Friday October 24, 1997
Recent credits like "Basic Instinct," "Showgirls," "Sliver" and "Jade" and their emphasis on eroticized violence have made Eszterhas perhaps the highest-paid screenwriter in today's Hollywood. But while it might be thought easier for a camel to go through the eye of a needle than for Eszterhas to write a largely heartfelt film like "Telling Lies in America," he has done so with an unexpected degree of success.
Drawing on elements from his own youth growing up as a Hungarian refugee in Cleveland, Eszterhas and director Guy Ferland have come up with a poignant immigrant's tale set in that city in the early 1960s. Though it's hampered by numerous plot contrivances that are overly conventional and predictable, "Telling Lies" has an affecting emotional texture at its core that makes up for a lot.
The film is also strengthened by a pair of adroit lead performances by Brad Renfro and Kevin Bacon, actors who completely understand their characters and know how to make the most of them on screen.
Still only 15, Renfro is a remarkably instinctive performer who brought a natural intensity to films like "The Client" and "Sleepers." His Karchy Jonas is a 17-year-old senior on scholarship at Cleveland Latin High School. It's a Catholic school with upper-middle-class students who make life difficult for someone whose ever so slightly European demeanor and inflection mark him as an outsider.
More than anything, Karchy wants to be with it, to be cool. He loves the sound of rock 'n' roll music and has a crush on Diney Majeski (Calista Flockhart), the slightly older girl he works with at an after-school job. But whatever he wants, even the ability to pronounce "th" like a native-born American, seems fated to be always frustratingly beyond his reach.
The epitome of everything that Karchy thinks is worth having is rock jock Billy Magic (Bacon), the Joe Cool mainstay of WHK Radio. While the film lets us know that Billy is something of a con artist with a propensity for getting fired, Karchy sees things differently. To him, Billy's red Cadillac, hipster slang and callous manipulation of women represent all the promise of America, the new land.
Given how familiar a character this is, it says a lot for Bacon's energized, completely realized performance that he makes the hustling Billy as compelling a person as he does, equally believable as a role model for Karchy and in some of his less savory aspects.
It also turns out that Billy is on the lookout for a high school kid with some of Karchy's qualities. He calls the boy Chuckie and Slick, helps him with his wardrobe and in making that "all-important love connection" and even hires him as a gofer and assistant for $100 a week.
What Billy sees in Karchy, and it is the film's most telling element, is a facility for lying that's born out of a combination of embarrassment and shame. Karchy tells people he's going to Princeton when he's barely getting out of high school and answers, "Sure, lots of times," when asked if he's done anything he in fact hasn't. When Diney asks him why he has to show off so much, he replies with the melancholy truth, "I ain't got that much to show."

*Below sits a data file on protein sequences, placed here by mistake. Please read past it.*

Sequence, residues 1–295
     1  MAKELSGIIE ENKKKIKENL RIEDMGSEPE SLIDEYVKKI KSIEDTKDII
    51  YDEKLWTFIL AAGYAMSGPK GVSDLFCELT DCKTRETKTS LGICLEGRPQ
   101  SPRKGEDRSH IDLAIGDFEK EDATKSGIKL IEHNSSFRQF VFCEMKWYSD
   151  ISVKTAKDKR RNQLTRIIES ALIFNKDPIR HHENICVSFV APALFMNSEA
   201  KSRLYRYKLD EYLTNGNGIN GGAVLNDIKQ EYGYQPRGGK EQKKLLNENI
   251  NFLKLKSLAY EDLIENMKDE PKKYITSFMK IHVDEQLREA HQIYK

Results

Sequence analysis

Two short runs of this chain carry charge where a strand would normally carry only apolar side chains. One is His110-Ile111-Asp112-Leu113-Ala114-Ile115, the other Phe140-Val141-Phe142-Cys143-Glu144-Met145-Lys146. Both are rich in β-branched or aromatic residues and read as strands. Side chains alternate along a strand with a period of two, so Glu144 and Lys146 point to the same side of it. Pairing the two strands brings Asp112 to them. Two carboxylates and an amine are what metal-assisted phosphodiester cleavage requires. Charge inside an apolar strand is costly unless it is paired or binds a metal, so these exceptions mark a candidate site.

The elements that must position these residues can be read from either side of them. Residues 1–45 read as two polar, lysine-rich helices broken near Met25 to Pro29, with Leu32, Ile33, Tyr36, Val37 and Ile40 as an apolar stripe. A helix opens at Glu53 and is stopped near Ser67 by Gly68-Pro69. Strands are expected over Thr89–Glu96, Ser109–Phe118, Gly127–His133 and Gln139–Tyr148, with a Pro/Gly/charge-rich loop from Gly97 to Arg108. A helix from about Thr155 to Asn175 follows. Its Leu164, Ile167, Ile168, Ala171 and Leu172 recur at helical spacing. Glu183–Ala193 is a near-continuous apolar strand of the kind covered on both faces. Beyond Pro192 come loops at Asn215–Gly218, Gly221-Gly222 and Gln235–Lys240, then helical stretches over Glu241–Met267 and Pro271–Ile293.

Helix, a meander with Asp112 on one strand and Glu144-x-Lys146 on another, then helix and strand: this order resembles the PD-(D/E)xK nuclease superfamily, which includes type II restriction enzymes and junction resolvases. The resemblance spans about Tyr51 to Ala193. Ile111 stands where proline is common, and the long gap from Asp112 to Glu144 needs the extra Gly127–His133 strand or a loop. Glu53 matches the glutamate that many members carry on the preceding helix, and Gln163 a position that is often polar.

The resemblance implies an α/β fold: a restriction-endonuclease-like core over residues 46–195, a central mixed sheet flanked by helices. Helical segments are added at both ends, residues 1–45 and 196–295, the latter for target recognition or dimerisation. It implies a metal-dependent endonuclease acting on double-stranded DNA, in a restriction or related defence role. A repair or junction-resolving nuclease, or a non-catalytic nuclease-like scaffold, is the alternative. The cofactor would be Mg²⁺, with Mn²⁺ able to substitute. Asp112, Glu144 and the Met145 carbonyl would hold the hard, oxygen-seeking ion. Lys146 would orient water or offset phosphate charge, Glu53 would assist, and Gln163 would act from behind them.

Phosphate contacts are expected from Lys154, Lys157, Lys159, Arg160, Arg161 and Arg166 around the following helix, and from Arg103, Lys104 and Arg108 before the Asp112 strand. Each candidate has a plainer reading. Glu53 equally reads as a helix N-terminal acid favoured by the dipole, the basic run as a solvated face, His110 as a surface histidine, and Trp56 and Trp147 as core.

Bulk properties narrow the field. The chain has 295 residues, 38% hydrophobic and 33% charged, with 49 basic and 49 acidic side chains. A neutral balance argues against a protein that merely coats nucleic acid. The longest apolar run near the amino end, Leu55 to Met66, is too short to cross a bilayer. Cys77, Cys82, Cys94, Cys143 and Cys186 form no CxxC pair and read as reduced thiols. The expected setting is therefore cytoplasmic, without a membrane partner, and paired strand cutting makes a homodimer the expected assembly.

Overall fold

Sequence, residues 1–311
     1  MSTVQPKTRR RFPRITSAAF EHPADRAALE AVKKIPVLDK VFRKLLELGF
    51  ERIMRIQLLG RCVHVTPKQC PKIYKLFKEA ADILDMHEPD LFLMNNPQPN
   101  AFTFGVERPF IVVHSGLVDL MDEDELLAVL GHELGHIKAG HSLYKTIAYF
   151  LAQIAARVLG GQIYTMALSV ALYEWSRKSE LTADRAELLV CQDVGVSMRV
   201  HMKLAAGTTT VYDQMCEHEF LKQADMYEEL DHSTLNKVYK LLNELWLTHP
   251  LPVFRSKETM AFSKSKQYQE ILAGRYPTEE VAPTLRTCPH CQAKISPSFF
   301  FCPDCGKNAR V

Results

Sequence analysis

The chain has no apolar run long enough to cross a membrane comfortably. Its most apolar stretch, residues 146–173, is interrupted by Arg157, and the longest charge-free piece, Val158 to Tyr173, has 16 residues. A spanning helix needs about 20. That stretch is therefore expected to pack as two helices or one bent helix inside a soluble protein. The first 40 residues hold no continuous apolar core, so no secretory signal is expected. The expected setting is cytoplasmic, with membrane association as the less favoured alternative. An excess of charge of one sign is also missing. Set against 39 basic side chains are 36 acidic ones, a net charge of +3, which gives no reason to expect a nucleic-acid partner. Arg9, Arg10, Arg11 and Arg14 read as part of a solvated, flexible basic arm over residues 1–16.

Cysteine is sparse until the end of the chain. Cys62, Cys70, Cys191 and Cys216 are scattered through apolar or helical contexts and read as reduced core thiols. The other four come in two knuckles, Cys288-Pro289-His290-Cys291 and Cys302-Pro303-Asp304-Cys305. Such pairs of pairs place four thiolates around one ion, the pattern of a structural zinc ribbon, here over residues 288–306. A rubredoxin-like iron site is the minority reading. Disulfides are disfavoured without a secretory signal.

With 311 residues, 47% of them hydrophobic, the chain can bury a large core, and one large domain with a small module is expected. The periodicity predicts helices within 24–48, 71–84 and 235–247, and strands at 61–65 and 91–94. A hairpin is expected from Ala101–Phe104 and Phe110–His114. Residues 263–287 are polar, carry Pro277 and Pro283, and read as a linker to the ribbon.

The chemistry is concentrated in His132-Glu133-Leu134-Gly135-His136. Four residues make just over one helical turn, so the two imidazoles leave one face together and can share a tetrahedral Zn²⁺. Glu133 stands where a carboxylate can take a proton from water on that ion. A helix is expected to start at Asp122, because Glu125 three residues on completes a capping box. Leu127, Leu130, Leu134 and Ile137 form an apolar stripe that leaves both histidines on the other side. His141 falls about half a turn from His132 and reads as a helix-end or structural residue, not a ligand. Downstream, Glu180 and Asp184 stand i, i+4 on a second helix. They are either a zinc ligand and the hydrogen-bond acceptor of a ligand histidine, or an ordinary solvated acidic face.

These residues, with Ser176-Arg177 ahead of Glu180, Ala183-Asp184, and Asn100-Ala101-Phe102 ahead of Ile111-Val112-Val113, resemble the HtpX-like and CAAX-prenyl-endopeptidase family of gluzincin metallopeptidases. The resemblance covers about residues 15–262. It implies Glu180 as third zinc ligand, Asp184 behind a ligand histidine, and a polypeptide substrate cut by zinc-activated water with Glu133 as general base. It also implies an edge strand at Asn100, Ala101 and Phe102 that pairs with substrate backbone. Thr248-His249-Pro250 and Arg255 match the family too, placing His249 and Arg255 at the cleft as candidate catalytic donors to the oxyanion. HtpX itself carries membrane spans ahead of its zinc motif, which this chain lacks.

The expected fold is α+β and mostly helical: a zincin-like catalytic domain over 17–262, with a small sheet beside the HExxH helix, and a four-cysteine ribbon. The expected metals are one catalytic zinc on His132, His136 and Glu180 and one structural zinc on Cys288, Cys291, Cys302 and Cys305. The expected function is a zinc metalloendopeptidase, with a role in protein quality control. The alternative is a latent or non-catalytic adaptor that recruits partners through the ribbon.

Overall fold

Going nowhere academically and with no more than vague ambitions of being a writer, Karchy thinks he's figured out how this country works. When his serious father (a small but indispensable performance by Maximilian Schell) asks why Billy pays him so much, Karchy tells him, "This is America, Pop." But one of the reasons "Telling Lies in America" is such an evocative title is that Karchy comes to see that he doesn't understand as much about either lying or America as he thinks he does.
Though director Ferland has a gentle, pleasant touch, there's not much he can do with "Telling Lies' " more hackneyed elements, like Karchy's fumbling encounters with sex, his nightmare date from hell with Diney and his friendship with a black classmate. Like Karchy, we just have to survive these disappointments in hopes of getting to the good stuff underneath.
One of the most pleasing elements of "Telling Lies in America" is its classic soundtrack of early '60s rock, nearly 20 songs on a par with "Lonely Teardrops," "Sleepwalk" and "Shimmy Shimmy Ko-Ko Bop." They help make Eszterhas' trip back in time one that the rest of us can take pleasure in as well.
Telling Lies in America, 1997. PG-13 for sex-related situations. A Banner Entertainment production, in association with Kuzui Enterprises and Ben Myron Productions, released by Banner Entertainment. Director Guy Ferland. Producers Ben Myron, Fran Kuzui. Executive producers Brian Swardstrom, Mickey Liddel, Naomi Eszterhas. Screenplay Joe Eszterhas. Cinematographer Reynaldo Villalobos. Editor Jill Savitt. Costumes Laura Cunningham. Music Nicholas Pike. Production design James Gelarden. Set decorator Sarah Young. Running time: 1 hour, 41 minutes. Kevin Bacon as Billy Magic. Brad Renfro as Karchy Jonas. Maximilian Schell as Dr. Istvan Jonas. Calista Flockhart as Diney Majeski. Paul Dooley as Father Norton.